Blame game begins in US after nurse infected with Ebola
In America’s first test case in dealing with Ebola outside of Africa, the US medical community has not performed as well as expected. A female nurse who cared for Thomas Eric Duncan, who arrived in the US last month from Liberia, became the first person to contract the disease inside the United States.
Dr. Tom Frieden, director of the Centers for Disease Control and
Prevention (CDC), blamed a break in protocol as the reason for
“The healthcare workers who cared for this individual may have had a breach of the same nature,” Frieden said in a press conference Sunday. “It is certainly very concerning and it tells us there is a need to enhance training and make sure protocols are followed.
“The protocols work… but we know that even a single lapse or breach can result in infection.”
The worst Ebola epidemic in history, which has already killed over 4,000 people, broke out in West Africa in March. Since then, medical officials have been sounding the alarm that the disease may spread like wildfire around the planet.
— Dr. Tom Frieden (@DrFriedenCDC) October 12, 2014
Meanwhile, despite having had “extensive contact … on
multiple occasions” with Duncan, who died on October 8 in an isolation unit, the
Dallas nurse was reportedly not among the nearly 50 individuals
being monitored for the disease, which has a 21-day incubation
“It’s deeply concerning that this infection occurred,” Frieden said. “We can’t let any hospital let its guard down.”
Frieden’s comments sparked controversy among some medical officials, who argue that the transmission occurred due to a systemic failure, in that not all hospitals are prepared to handle such severe cases. Others questioned the timing of the criticism.
"You don't scapegoat and blame when you have a disease
outbreak," said Bonnie Castillo, a registered nurse and a
disaster relief expert at National Nurses United, as quoted by
Reuters. "We have a system failure. That is what we have to
Castillo blamed the problem on a lack of communication between the medical authorities and the thousands of medical facilities across the United States.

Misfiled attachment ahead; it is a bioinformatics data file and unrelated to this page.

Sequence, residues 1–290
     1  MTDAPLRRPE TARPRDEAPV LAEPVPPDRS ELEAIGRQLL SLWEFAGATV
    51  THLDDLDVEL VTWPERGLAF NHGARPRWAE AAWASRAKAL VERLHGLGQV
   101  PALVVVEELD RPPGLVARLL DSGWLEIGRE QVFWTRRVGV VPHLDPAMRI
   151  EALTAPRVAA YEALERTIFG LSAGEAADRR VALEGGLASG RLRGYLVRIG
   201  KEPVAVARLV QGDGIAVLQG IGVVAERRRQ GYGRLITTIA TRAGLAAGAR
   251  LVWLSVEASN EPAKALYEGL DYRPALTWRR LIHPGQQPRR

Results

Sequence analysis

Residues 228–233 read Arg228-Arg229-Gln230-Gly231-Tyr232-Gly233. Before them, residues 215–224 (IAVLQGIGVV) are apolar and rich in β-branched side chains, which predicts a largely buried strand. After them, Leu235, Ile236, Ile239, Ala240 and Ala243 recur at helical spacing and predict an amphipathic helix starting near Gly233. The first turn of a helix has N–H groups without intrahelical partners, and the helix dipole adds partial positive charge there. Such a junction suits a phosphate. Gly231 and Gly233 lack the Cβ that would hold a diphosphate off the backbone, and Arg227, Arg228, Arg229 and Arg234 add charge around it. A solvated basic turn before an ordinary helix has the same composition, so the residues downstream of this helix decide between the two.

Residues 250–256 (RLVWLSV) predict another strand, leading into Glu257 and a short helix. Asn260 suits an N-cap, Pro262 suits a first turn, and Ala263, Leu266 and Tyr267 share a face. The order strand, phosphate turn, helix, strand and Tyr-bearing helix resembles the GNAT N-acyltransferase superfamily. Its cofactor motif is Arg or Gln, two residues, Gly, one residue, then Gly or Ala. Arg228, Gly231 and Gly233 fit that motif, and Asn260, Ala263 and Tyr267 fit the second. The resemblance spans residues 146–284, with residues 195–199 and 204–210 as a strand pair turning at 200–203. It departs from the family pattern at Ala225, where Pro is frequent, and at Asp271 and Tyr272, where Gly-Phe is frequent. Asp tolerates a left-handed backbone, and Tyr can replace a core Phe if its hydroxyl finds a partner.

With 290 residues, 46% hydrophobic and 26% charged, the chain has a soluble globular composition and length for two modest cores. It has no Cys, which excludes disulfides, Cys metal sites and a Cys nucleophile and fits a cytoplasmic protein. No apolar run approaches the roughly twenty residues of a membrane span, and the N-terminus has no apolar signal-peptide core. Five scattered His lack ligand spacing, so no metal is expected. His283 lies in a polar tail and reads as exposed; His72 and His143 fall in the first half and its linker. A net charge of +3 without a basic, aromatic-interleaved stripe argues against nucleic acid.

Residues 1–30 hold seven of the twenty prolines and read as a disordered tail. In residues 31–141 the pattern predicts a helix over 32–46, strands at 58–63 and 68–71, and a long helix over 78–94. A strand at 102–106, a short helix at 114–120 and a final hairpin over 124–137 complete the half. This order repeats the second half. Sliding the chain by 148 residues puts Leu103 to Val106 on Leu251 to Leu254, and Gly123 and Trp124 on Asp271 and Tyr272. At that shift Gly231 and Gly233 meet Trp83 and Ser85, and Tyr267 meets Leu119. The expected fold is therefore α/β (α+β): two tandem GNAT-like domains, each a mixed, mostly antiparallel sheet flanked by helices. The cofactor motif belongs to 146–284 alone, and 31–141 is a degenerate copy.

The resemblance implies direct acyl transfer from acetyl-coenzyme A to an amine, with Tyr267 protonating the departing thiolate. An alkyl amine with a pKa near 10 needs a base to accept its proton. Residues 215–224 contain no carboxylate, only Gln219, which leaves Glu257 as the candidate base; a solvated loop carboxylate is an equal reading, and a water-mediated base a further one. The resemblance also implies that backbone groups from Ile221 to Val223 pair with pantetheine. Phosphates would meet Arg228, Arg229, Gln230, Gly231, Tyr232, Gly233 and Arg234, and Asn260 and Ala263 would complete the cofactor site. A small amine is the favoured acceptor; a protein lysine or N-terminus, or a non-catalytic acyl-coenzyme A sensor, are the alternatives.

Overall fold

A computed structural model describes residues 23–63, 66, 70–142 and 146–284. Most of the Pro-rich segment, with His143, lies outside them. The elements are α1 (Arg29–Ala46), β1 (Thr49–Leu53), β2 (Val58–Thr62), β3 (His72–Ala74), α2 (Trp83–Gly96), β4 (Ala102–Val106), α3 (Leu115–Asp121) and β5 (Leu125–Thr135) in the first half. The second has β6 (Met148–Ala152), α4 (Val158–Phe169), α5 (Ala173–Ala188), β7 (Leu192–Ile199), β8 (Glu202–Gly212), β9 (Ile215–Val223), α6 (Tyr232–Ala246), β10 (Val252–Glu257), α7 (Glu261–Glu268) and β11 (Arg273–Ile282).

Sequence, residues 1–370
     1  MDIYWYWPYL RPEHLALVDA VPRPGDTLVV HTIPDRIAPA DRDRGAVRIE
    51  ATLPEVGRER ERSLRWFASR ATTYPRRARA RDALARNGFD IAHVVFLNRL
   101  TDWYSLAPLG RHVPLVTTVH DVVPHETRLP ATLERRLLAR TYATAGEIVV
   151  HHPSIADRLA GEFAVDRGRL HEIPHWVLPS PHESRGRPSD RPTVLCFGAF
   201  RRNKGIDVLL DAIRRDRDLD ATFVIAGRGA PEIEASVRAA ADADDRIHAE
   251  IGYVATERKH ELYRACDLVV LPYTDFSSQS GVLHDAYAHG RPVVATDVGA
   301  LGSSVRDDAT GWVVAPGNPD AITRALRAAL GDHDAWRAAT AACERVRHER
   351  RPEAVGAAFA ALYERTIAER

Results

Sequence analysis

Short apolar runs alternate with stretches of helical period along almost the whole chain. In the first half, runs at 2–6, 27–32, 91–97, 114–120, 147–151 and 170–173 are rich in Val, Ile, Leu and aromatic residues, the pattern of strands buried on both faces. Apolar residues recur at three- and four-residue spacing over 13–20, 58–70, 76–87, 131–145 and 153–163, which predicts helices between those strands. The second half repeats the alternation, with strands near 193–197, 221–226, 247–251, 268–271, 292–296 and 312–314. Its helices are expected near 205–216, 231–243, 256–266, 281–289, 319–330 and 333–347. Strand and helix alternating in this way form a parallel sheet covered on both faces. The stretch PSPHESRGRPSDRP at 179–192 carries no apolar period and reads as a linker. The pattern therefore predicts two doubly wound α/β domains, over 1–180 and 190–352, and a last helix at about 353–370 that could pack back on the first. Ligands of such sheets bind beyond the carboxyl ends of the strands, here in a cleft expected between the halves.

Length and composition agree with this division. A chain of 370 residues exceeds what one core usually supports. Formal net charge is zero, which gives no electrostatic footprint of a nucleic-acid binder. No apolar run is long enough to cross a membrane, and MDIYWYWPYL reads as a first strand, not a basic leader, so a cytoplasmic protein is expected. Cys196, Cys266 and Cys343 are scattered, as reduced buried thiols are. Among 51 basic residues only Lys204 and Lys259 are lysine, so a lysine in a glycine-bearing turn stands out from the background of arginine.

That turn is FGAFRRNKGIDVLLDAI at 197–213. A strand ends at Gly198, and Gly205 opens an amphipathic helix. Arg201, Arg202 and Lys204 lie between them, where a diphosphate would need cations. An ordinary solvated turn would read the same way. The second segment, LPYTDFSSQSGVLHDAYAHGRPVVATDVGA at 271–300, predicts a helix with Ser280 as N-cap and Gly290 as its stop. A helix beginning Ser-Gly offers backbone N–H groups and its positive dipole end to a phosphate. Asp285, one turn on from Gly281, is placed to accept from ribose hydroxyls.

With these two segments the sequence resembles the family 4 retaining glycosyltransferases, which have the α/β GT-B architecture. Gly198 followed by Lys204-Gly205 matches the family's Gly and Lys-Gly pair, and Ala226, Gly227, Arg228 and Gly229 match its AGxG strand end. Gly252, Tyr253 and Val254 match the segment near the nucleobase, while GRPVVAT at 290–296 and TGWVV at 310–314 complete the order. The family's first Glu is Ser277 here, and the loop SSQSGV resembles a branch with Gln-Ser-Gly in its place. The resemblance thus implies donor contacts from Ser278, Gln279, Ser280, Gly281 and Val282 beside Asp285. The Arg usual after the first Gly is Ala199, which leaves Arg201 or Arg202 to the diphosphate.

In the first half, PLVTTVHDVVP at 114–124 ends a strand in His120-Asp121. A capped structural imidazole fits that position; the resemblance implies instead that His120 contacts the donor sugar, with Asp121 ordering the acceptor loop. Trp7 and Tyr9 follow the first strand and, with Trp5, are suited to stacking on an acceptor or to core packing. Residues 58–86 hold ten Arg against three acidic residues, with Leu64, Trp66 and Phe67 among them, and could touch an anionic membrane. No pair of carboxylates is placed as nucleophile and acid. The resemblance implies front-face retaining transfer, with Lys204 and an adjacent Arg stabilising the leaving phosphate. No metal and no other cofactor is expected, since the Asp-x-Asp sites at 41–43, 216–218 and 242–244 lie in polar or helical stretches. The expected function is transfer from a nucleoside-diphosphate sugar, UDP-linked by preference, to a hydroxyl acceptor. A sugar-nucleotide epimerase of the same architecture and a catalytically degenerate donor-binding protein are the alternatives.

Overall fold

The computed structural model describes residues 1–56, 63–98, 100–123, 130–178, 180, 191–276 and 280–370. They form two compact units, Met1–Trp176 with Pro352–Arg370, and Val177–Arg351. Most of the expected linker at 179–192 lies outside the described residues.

In preparation for an emergency, hospitals "post something on a bulletin board referring workers and nurses to the CDC guidelines. That is not how you drill and practice and become expert," she said.
CDC spokesman Tom Skinner said it may consider designating hospitals in each region to handle any Ebola cases.
"We've been doing a lot over the past few months, but clearly there is more to do," he said. "The notion of possibly transporting patients diagnosed with Ebola to these hospitals is not something that is out of the question, and is something we may look into.”
In August, American doctor Kent Brantly recovered from the Ebola virus after contracting the deadly disease in Liberia. He was treated with the blood plasma of an African child who had survived the virus, as well as with the experimental drug, ZMapp. Another US doctor, Rick Sacra, also made a full recovery from the virus last month after receiving blood plasma transfusions from Brantly, in addition to another experimental drug called TKM-Ebola.
Meanwhile, the Spanish nurse infected with Ebola, Teresa Romero
Ramos, is in a stable condition and showing signs of improvement,
the Spanish government has said.
Health official Fernando Simón told reporters that the presence of the virus in Ramos’s blood appears to be decreasing. “We have high hopes that the infection is under control,” he said.